News Releases

Tip Sheet: Moving toward a vaccine for Epstein-Barr virus; tissue samples from 1989 lead to CMV breakthroughs today; plus advances in immunotherapy, brain cancer, head and neck tumors

SEATTLE – May 7, 2018 – Below are summaries of recent Fred Hutch research, with links for additional background and media contacts.

Infectious Disease

First human antibody found to block Epstein-Barr virus
Dr. Andrew McGuire of Fred Hutch’s Vaccine and Infectious Disease Division led a recently published study in which he and colleagues discovered a human antibody that in laboratory tests blocks infection by the Epstein-Barr virus, or EBV. The finding of the antibody – along with the site it targets – may open a new path to developing a vaccine against the “mononucleosis virus,” which is also globally associated with about 200,000 cancer cases a year and may be involved in some autoimmune diseases.
Media contact: Tom Kim,, 206.664.6240

Tissue samples from a CMV drug trial decades ago yield new insights and treatments
A study published in 1991 showed that ganciclovir could prevent cytomegalovirus, or CMV, disease – the leading infectious killer of transplant patients. The Fred Hutch researcher who led that study, Dr. Joel Meyers, died weeks before the study published, but he had started a repository of patient tissue samples – kept with patient consent – that now contains more than 250,000 biospecimens. Now, Dr. Michael Boeckh, head of Fred Hutch’s Infectious Disease Sciences Program, and colleagues, are using these specimens to further the science of CMV treatment, with one result being the recent approval of the first new CMV drug in 15 years.
Media contact: Tom Kim,, 206.664.6240

Cancer, Immunotherapy

Immunotherapy strategy for ovarian cancer aims to rewire a ‘kill switch’
Dr. Kristin Anderson, a postdoctoral research fellow in the immunotherapy lab of Dr. Phil Greenberg, presented information at the American Association for Cancer Research’s annual meeting about work to overcome barriers that solid tumors construct to block immunotherapy. The researchers’ latest strategy, developed and tested in ovarian cancer mouse and cell studies, involves a new hybrid protein that, when added to T-cell therapy, tells engineered immune cells to ramp up their activity in response to what is normally a death signal.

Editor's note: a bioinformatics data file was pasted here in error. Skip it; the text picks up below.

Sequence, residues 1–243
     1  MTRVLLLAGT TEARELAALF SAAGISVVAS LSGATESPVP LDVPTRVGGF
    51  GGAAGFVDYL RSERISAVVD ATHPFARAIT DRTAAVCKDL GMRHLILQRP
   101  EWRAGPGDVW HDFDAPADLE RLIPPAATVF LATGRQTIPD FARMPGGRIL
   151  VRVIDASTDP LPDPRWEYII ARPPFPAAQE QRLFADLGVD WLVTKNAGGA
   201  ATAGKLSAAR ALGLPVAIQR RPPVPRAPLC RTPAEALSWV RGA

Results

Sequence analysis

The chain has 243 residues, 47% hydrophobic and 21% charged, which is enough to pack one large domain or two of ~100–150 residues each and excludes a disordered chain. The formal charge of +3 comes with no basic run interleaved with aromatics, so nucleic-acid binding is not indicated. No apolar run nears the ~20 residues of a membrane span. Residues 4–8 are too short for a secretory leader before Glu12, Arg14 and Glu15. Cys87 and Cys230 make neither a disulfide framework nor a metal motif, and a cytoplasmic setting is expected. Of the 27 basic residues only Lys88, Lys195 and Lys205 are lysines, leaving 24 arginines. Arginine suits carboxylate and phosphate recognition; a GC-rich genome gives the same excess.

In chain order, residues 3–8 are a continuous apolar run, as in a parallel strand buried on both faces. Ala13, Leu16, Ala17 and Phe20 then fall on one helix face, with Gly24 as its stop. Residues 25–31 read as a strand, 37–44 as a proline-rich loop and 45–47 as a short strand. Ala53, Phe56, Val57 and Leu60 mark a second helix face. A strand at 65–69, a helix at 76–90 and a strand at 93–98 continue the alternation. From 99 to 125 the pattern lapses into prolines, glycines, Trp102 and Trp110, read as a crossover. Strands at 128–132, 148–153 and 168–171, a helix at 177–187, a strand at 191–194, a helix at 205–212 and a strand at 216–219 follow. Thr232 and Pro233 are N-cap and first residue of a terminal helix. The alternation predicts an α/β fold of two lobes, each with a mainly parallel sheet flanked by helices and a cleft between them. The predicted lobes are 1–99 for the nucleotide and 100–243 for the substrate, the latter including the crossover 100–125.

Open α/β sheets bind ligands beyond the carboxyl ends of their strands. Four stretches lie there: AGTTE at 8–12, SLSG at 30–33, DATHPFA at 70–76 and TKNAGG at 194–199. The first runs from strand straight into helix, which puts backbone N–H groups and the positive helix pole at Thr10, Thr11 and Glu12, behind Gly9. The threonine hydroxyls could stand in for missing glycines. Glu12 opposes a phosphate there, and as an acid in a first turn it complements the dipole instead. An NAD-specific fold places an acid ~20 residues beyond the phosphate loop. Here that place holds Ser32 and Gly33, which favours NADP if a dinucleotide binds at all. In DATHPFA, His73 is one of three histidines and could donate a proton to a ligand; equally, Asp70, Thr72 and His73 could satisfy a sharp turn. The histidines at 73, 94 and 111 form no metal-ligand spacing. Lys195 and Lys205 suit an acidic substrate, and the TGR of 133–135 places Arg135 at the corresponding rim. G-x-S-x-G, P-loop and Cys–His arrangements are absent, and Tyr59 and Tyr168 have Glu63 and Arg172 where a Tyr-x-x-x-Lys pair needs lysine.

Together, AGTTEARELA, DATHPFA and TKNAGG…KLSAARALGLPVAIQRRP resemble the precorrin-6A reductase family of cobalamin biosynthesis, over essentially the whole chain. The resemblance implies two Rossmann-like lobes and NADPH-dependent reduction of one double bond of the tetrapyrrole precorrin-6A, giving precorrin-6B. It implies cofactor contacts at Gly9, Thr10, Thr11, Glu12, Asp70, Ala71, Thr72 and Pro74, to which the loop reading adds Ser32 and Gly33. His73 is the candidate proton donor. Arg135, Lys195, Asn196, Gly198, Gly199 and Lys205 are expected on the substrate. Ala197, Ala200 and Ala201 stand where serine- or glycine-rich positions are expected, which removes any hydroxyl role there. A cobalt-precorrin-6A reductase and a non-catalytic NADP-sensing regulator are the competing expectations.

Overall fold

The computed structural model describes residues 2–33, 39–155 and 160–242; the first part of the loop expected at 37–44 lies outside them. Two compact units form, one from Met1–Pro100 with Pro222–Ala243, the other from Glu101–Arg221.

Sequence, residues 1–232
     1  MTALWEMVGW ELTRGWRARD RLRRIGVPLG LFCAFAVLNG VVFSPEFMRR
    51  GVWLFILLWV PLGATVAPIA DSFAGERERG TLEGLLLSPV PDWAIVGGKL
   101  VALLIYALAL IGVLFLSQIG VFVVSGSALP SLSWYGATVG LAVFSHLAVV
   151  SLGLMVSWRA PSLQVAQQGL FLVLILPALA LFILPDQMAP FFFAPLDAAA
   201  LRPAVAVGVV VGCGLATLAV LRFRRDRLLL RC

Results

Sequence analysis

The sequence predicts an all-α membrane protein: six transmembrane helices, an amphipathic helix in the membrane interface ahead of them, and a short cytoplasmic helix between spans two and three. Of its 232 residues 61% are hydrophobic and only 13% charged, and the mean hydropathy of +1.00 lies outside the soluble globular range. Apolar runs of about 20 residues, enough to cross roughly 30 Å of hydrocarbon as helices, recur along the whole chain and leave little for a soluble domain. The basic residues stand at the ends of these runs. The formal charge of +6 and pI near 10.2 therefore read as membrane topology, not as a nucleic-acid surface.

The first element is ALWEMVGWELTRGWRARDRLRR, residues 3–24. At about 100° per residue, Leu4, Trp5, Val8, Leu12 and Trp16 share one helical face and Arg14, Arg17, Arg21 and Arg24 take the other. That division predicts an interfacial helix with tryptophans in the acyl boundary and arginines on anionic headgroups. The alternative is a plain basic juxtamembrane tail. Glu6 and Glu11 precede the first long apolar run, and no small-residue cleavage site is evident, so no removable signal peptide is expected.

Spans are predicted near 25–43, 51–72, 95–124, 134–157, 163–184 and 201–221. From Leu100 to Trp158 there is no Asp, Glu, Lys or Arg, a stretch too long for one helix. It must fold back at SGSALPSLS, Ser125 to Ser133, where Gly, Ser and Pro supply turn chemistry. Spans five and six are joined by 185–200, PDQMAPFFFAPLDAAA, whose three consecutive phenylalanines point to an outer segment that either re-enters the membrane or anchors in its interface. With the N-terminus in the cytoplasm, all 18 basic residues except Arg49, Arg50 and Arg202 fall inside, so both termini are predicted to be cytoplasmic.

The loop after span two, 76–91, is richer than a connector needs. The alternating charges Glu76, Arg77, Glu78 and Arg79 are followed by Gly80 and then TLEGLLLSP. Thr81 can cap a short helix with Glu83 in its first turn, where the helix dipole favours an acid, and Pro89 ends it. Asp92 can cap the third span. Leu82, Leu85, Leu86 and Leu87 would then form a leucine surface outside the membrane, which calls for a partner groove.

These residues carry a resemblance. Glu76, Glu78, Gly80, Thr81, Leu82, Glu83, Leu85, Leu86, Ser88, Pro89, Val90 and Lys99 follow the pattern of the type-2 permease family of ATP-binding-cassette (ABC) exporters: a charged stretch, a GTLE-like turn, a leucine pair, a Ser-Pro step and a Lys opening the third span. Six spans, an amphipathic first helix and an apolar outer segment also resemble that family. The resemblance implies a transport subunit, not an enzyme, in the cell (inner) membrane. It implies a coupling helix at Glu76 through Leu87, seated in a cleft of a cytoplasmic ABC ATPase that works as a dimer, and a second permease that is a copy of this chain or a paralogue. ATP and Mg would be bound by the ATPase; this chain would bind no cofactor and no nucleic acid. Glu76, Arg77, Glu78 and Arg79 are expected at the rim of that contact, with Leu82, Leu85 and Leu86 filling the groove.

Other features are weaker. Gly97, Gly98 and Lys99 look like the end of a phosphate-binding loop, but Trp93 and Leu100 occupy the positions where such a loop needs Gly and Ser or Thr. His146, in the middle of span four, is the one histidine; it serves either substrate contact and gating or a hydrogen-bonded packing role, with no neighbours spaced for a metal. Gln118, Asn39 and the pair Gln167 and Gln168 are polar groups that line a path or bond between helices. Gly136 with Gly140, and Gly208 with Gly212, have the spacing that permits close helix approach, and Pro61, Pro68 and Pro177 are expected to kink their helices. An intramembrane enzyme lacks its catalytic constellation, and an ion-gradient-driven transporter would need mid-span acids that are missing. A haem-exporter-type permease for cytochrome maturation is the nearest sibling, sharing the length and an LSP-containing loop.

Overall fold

Media contact: Molly McElroy,, 206.667.6651

New technology enables deep dive into mysteries surrounding leukemia’s escape from immunotherapy
A study presented at the American Association for Cancer Research shows one way that an aggressive leukemia can wriggle its way free of targeted attack by a high-tech strategy for immune-based therapy. Emerging technology called single-cell RNA sequencing, or scRNA-seq, is helping scientists understand what’s going on when results of studies and treatments don’t meet expectations. Dr. Kelly Paulson, who made the presentation, is a medical oncology fellow in the immunology research lab of Dr. Aude Chapuis.
Media contact: Molly McElroy,, 206.667.6651

Cancer, Genetics

Computational study shows how cancer-contributing genes make glioblastomas more aggressive and radiation-resistant
As cancers develop, they accumulate a host of genetic alterations, sometimes acquiring extra copies of hundreds or thousands of genes. Researchers at Fred Hutch and the Dana-Farber Cancer Institute developed a computational method to sift important cancer-promoting genes from thousands of irrelevant ones. Dr. Eric Holland, Fred Hutch senior vice president and director of the Human Biology Division, co-led a study, reported in Genes & Development, showing that an excess of one gene, HOXA5, appears to make glioblastomas more aggressive and radiation-resistant.
Media contact: Tom Kim,, 206.664.6240

Cancer Treatment

Early phase clinical trial shows promise for advanced head and neck cancer
Surgeries to remove tumors in the mouth, neck or throat often leave patients with swallowing or speaking deficits and disfiguring scars. A new experimental drug, AZD1775, used in combination with chemotherapy, shrank tumors in 9 of 10 participants in a Phase 1 study. Although the small clinical trial was designed to evaluate drug safety and dosing, the participants’ responses were much more dramatic than expected, according to Dr. Laura Chow, assistant member of the Clinical Research Division, first author of a Clinical Cancer Research article.
Media contact: Molly McElroy,, 206.667.6651

Cancer Quality and Cost

Fred Hutch releases report on Washington state’s cancer care
Fred Hutchinson Cancer Research Center has released a report on quality and cost of cancer care at Washington State clinics. The “Community Cancer Care in Washington State: Quality and Cost Report” is the result of a five-year initiative led by the Hutchinson Institute for Cancer Outcomes Research, or HICOR, a research group at Fred Hutch focused on health economics in cancer care. HICOR collaborated with more than 25 cancer care providers, public and private health insurers, patients, and researchers from throughout the state to develop the report.
Media contacts: Shelby Barnes,, 206.667.1455 (or) Sandy Van,, 808.526.1708

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